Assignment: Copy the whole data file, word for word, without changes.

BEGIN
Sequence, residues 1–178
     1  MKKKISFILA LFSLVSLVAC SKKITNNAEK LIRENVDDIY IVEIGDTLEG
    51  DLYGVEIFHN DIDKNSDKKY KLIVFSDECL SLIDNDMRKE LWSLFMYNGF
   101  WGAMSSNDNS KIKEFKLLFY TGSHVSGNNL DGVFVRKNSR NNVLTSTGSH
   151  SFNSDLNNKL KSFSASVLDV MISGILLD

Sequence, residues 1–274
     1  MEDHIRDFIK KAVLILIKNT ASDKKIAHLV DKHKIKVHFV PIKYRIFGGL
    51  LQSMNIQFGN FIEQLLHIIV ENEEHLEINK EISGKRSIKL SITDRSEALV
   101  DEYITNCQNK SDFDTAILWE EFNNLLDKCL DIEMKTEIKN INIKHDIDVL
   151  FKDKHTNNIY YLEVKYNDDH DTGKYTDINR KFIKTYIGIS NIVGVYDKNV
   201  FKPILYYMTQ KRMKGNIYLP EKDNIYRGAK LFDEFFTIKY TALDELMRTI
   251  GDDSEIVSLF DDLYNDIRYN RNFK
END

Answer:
Sequence, residues 1–178
     1  MKKKISFILA LFSLVSLVAC SKKITNNAEK LIRENVDDIY IVEIGDTLEG
    51  DLYGVEIFHN DIDKNSDKKY KLIVFSDECL SLIDNDMRKE LWSLFMYNGF
   101  WGAMSSNDNS KIKEFKLLFY TGSHVSGNNL DGVFVRKNSR NNVLTSTGSH
   151  SFNSDLNNKL KSFSASVLDV MISGILLD

Sequence, residues 1–274
     1  MEDHIRDFIK KAVLILIKNT ASDKKIAHLV DKHKIKVHFV PIKYRIFGGL
    51  LQSMNIQFGN FIEQLLHIIV ENEEHLEINK EISGKRSIKL SITDRSEALV
   101  DEYITNCQNK SDFDTAILWE EFNNLLDKCL DIEMKTEIKN INIKHDIDVL
   151  FKDKHTNNIY YLEVKYNDDH DTGKYTDINR KFIKTYIGIS NIVGVYDKNV
   201  FKPILYYMTQ KRMKGNIYLP EKDNIYRGAK LFDEFFTIKY TALDELMRTI
   251  GDDSEIVSLF DDLYNDIRYN RNFK